I’m not trying to be sarcastic, but these are difficult times for literacy. Despite the lower overall national literacy rate in 1916, a year before the U.S. entered the Great War, literate kids had a lot more to be literate about.
St. Nicholas: Scribner’s Illustrated Magazine for Girls and Boys premiered in November, 1873. Roswell Smith, co-founder of the publishing company Scribner & Company, hired Mary Mapes Dodge (author of Hans Brinker, or the Silver Skates) to edit the new children’s magazine. Children were a new and ever-expanding audience for mass media. Dodge believed a children’s periodical should not be, she wrote, “a milk-and-water variety of the periodicals for adults. In fact, it needs to be stronger, truer, bolder, more uncompromising than the other…. Most children…attend school. Their heads are strained and taxed with the day’s lessons. They do not want to be bothered nor amused nor petted. They just want to have their own way over their own magazine.”
Hovering around 100,000 readers, St. Nicholas never reached the same numbers of some circulation as 500,000 of The Youth’s Companion on its own. But it merge with other minor magazines. Our Young Folks and The Children’s Hour in 1874, The Schoolday Magazine and The Little Corporal in 1875, and Wide Awake in 1893. St. Nicholas treated children with respect. The illustrations were high quality: Will Bradley, designer, illustrator and typographer, was a regular (cover below), and more top notch practitioners were engaged.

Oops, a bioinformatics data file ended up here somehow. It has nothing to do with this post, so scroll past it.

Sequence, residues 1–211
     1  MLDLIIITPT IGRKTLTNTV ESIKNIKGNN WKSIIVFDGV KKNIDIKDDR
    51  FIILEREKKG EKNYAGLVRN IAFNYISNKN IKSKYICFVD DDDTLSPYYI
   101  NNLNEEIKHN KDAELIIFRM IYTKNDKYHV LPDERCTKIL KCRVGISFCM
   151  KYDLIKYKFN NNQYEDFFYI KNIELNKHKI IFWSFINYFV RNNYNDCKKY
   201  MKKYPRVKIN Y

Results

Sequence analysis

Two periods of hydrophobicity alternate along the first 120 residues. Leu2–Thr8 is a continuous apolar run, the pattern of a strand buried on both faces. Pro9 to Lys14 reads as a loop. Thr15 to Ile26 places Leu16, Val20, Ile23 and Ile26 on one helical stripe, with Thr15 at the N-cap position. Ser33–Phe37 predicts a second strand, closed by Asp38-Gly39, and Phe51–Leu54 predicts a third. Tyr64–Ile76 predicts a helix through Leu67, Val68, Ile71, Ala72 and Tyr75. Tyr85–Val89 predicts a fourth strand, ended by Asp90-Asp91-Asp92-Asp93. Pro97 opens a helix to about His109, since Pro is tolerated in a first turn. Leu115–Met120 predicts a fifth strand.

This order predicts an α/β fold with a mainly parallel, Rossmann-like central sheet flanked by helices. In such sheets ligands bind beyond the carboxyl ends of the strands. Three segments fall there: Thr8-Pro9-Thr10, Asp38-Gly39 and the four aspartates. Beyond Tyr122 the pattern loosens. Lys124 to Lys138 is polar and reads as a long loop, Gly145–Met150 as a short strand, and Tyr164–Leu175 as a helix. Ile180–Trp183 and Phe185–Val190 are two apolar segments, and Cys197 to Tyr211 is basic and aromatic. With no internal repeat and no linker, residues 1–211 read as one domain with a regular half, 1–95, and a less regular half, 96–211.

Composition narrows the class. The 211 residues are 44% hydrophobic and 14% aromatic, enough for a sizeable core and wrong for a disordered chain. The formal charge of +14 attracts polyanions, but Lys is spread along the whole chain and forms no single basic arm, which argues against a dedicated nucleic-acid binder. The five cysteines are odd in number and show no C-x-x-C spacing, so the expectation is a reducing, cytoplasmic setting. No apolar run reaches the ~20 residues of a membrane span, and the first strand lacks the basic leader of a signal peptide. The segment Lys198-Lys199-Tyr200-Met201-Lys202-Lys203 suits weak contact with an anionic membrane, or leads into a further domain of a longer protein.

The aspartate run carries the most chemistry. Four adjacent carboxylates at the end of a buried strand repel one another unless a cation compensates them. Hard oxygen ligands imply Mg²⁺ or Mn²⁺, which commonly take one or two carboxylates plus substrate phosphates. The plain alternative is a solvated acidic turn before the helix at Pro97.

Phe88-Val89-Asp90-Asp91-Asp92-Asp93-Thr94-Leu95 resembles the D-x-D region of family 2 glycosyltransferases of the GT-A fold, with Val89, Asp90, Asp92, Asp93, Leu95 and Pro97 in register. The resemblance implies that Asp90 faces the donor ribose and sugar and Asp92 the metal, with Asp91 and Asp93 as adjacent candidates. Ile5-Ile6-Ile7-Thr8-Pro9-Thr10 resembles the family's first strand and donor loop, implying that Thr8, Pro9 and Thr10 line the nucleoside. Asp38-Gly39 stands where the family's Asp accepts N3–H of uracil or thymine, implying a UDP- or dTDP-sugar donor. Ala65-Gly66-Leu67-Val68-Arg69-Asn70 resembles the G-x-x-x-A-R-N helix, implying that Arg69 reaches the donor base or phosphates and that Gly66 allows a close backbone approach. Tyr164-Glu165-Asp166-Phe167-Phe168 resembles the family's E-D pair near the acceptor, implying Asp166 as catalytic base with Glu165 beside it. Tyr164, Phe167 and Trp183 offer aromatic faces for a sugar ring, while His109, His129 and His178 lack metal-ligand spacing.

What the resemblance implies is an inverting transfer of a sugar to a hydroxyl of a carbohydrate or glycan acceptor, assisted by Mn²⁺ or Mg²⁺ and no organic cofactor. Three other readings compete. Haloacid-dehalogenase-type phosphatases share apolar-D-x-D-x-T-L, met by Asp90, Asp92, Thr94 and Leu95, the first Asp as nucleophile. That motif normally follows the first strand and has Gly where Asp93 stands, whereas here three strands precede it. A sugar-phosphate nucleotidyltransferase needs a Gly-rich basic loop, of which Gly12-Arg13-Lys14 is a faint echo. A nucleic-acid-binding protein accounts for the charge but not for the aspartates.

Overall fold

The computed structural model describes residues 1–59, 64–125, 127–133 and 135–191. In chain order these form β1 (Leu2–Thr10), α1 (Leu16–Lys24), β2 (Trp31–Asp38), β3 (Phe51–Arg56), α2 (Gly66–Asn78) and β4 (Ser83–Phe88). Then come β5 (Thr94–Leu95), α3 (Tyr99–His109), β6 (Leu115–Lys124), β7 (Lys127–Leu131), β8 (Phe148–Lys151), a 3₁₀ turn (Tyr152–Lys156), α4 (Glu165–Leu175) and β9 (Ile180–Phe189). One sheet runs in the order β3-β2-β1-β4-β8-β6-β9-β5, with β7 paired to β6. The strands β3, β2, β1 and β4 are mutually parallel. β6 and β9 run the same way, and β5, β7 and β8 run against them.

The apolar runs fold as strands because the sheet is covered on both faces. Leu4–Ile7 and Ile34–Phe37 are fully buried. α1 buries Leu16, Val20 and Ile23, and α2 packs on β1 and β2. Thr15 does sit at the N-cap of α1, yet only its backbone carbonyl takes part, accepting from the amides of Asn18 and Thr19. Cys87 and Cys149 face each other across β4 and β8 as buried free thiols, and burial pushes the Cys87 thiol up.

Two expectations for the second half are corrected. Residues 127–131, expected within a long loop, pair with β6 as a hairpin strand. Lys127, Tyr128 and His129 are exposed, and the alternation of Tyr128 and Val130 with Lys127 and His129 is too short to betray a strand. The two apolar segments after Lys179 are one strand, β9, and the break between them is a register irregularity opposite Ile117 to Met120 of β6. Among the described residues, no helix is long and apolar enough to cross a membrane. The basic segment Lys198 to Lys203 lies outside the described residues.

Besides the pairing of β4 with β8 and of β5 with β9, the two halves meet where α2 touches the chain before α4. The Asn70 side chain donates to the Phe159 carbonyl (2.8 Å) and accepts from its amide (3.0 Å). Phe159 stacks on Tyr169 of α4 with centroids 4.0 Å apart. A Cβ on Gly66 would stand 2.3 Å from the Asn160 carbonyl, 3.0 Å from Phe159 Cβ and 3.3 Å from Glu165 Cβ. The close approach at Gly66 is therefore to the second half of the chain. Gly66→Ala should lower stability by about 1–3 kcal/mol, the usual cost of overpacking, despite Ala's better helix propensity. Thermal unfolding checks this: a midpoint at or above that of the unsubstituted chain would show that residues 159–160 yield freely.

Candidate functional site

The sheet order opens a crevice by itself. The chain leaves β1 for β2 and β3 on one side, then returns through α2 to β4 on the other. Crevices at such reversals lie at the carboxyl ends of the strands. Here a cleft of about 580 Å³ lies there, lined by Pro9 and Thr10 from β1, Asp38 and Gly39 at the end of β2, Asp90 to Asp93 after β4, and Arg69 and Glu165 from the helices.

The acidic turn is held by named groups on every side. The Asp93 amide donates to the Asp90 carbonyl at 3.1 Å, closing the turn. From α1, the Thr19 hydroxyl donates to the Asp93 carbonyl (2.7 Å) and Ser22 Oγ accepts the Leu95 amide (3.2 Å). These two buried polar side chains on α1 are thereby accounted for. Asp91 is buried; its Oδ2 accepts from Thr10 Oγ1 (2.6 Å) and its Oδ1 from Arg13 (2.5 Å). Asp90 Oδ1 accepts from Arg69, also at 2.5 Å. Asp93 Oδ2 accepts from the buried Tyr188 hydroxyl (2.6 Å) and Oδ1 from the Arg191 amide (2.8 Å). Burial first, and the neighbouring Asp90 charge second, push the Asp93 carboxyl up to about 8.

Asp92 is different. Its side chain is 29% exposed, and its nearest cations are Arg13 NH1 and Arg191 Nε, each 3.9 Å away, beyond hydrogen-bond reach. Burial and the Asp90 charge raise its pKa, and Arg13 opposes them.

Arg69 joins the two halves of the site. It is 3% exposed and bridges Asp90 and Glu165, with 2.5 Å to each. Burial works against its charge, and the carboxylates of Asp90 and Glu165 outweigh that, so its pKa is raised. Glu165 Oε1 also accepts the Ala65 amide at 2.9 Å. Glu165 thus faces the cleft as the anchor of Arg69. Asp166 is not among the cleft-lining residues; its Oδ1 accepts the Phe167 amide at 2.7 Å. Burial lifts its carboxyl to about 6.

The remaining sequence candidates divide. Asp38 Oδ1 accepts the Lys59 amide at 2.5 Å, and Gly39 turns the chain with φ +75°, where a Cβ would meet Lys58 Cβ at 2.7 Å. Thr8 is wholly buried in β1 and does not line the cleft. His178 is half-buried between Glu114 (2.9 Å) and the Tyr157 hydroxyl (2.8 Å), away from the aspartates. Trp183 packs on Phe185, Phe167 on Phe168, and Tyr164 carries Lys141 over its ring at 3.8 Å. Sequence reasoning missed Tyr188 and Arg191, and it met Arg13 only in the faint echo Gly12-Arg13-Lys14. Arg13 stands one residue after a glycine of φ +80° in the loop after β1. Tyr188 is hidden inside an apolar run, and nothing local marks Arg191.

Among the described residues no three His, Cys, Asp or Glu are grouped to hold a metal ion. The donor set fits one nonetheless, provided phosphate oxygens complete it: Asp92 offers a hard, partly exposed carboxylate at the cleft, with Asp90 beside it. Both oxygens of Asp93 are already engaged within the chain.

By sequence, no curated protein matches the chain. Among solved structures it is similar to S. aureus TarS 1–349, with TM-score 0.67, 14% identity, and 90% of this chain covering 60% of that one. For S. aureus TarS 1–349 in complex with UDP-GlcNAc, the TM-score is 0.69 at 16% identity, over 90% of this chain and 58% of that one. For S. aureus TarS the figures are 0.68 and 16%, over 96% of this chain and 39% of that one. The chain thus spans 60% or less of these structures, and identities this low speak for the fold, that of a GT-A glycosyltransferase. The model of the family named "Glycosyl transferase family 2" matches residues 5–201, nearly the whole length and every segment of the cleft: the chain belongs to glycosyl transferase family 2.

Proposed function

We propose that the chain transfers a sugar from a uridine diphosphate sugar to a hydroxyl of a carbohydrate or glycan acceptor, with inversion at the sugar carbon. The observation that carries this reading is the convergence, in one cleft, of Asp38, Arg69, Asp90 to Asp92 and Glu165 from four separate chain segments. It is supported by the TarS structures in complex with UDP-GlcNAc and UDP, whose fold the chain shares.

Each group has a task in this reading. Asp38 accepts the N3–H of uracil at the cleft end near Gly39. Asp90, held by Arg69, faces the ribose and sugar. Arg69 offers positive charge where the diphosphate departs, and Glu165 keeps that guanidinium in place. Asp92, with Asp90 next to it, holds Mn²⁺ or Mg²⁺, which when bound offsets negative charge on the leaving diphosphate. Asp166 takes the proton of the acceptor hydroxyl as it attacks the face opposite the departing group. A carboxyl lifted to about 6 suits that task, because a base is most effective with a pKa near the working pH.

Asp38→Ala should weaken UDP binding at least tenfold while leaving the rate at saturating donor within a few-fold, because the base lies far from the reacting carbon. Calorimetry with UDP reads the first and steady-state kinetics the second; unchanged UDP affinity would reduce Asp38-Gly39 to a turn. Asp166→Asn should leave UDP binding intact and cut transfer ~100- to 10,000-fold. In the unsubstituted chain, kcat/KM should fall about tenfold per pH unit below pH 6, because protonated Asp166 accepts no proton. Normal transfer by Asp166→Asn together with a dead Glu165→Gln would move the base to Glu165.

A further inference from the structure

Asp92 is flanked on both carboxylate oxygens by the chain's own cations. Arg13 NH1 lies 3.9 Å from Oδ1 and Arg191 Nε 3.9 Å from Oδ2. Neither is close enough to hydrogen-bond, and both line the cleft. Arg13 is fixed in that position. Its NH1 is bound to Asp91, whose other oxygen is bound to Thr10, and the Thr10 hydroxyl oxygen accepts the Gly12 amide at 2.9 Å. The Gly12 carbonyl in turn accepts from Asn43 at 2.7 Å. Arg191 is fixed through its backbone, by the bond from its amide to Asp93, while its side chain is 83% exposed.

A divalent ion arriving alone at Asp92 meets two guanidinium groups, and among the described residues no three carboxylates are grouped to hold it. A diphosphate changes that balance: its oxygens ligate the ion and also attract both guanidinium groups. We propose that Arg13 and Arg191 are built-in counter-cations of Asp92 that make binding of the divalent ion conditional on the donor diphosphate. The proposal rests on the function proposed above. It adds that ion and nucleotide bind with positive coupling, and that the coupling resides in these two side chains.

In 1899, the St. Nicholas League was one of the magazine’s most important departments. Its motto “Live to learn and learn to live,” become common in the U.S. What kid today would read “On the Battle-Front of Engineering” in the same issue as “The Boy’s Life of Mark Twain”?
Learn even more about the history of design with Steven Heller’s Evolution of Design. Covering everything from advertisement to clip art to topics you didn’t even realize had a lengthy design history, this is the collection of your favorite columnists’ work.